The rest of the 2016 reading list is currently in Deutsche-Post limbo somewhere between Berlin and California

I’ve just finished the last book I’ll get through in 2016, William MacAskill’s Doing Good Better, prompting me to consider my favorite reads of the year. All four were non-fiction, reflecting the bias of my overall reading list rather than any malaise in the world of novel writing.

Only six of the twenty-one books I read in 2016 were fiction, and if I had to pick a favorite it would be Lisa Owens’ debut, Not Working, in which she gently skewers the aspirations of millennials to find meaningful careers. Said skewering transfers exceptionally well to older generations, who shall remain nameless, too.

Onward to my non-fiction list then, starting with MacAskill’s Doing Good Better: How Effective Altruism Can Help You Make a Difference. I didn’t plan my reading list this way, but Doing Good Better is a lovely companion piece to Not Working—a sort of left-brain to its right.

MacAskill is a millennial himself, who also happens to be an Associate Professor in Philosophy at Oxford University, and has used this book to set out a rigorous framework for how we might do the most good. Along the way he considers charitable giving, consumer choices, and career choices—turns out following your passion is horrible advice. What MacAskill is talking about is how to save lives, and if this sounds like a preposterous, do-gooder goal, well, you may have become as cynical as I am. Read this book. It helps.

Earlier this autumn I read The Argonauts by Maggie Nelson, a book about the author’s relationship with a person, the artist Harry Dodge, who identifies as neither female nor male, and motherhood—two topics that have little personal resonance for me. In that sense alone, Nelson’s book was “good for me,” a self-imposed dose of getting outside my own comfort zone. But to attribute that as the major merit of the work is to sell Nelson way short. The book is structurally unique (no chapters) with writing in turns fiercely intimate and academic. My faculty with language prevents me from explaining further; Nelson’s does not.

My last two favorites of the year were way more illustrative of my usual fare. First was Anna Funder’s excellent Stasiland: Stories from Behind the Berlin Wall, a wondrous piece of journalism with a bit of personal stuff thrown in. I started reading it because I was living in Berlin, but it turned out to be way more prescient for what would happen in American politics later in the year. Twenty-seven years after the fall of the Berlin Wall, this book needs to be required reading for Americans on the psychological and criminal ruin that happens when you have a ruling kleptocracy where people are intimidated into tattling on each other.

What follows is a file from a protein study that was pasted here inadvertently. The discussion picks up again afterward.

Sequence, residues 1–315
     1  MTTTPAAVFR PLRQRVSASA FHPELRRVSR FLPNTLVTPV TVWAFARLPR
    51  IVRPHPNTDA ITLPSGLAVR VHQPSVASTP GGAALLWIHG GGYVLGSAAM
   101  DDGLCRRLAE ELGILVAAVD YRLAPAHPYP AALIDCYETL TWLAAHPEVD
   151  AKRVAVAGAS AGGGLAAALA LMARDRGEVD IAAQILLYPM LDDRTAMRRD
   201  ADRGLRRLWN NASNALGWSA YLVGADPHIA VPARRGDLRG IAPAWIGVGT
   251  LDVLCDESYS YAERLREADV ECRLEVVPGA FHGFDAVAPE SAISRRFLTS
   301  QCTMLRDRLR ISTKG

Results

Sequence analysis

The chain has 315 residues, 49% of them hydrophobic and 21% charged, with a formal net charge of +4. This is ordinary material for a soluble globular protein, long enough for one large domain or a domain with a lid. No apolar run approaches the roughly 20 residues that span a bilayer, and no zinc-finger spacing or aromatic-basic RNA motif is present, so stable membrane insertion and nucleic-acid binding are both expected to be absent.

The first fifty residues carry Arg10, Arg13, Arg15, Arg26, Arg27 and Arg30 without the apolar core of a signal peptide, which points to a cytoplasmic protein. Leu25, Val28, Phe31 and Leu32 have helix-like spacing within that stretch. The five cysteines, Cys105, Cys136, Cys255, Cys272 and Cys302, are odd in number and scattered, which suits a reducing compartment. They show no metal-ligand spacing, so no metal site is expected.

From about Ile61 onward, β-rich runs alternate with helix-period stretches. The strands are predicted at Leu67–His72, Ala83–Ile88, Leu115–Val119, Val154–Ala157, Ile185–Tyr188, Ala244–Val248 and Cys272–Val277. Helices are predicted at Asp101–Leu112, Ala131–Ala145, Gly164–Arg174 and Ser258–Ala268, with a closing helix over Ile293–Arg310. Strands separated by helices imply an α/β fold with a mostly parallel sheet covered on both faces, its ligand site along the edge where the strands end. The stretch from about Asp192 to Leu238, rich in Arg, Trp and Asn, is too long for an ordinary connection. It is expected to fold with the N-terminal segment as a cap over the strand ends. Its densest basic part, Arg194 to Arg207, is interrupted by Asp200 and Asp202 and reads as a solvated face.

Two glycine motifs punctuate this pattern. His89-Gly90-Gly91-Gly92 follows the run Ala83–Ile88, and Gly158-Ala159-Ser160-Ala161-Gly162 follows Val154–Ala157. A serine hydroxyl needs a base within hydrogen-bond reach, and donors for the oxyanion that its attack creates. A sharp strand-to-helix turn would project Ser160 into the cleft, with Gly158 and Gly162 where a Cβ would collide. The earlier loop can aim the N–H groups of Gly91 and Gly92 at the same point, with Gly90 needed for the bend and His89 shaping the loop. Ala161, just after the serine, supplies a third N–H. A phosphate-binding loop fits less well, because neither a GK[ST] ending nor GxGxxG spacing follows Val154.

Finally, there’s The Dead Ladies Project: Exiles, Expats, and Ex-Countries by Jessa Crispin. On the surface, it’s another woman-on-the-verge-takes-a-big-trip memoir. And what’s wrong with that? I love these kind of books, and Crispin is the imperfect, very real, very smart guide on this grand tour of Europe and its artists (which includes men, despite the title). This is Eat, Pray, Love written by the anti-Liz Gilbert.

So, voila! There you have it, my best of 2016 in books. I’m still pondering what to read in 2017, but the shortlist for January includes A.S. Byatt’s Peacock & Vine, Robert Moor’s On Trails, Rachel Cusk’s Transit, Paul Beatty’s The Sellout and Ottessa Moshfegh’s Eileen. Oh and Maria Semple’s Today Will Be Different, and Olivia Lang’s The Lonely City, and Vivian Gornick’s The Odd Woman and the City (I’m sensing a theme here). Or maybe Sarah Einstein’s Mot or Claire Vaye Watkins’ Gold Fame Citrus or Teju Cole’s Known and Strange Things. And, oh god, I forgot Alan Bennett has a new set of diaries. The specter of 2017 looms large but at least I’ll have something to read.

Christmas Letters

Christmas Letter 2016

Portmeirion from on high

2016 made short work of qualifying as an annus horribilis what with the holy trinity of horrors that is the Trump presidency, Syria, and the seemingly endless string of deaths of beloved artists and entertainers. I have been devastated by these things to varying degrees and observed with worry the deep suffering they continue to cause others less protected by the socio-economic bubble I inhabit, although I’m keenly aware said bubble is not impenetrable.

Somewhat to my embarrassment, despite all these things, I still find that my ability to experience both exasperation and joy daily is driven by matters much more pedestrian than those that make the news. (I’ve always excelled at compartmentalization.) And since this is a Christmas letter, I’ll focus on the joy rather than the exasperation. 2016 has been an annus horribilis and yet I also was privileged to occasionally enjoy the ride.

In May, we completed my ambition to walk the Cotswold Way, a 102-mile path along a Jurassic-age escarpment in southwest England. I took to the trail in the spirit of a religious pilgrimage with the modest intention of figuring out what to do for the rest of my life. (At that point we had agreed to leave Berlin at the year’s end, which I assumed meant quitting my job.) As the saying goes, solivtar ambulando: it is solved by walking.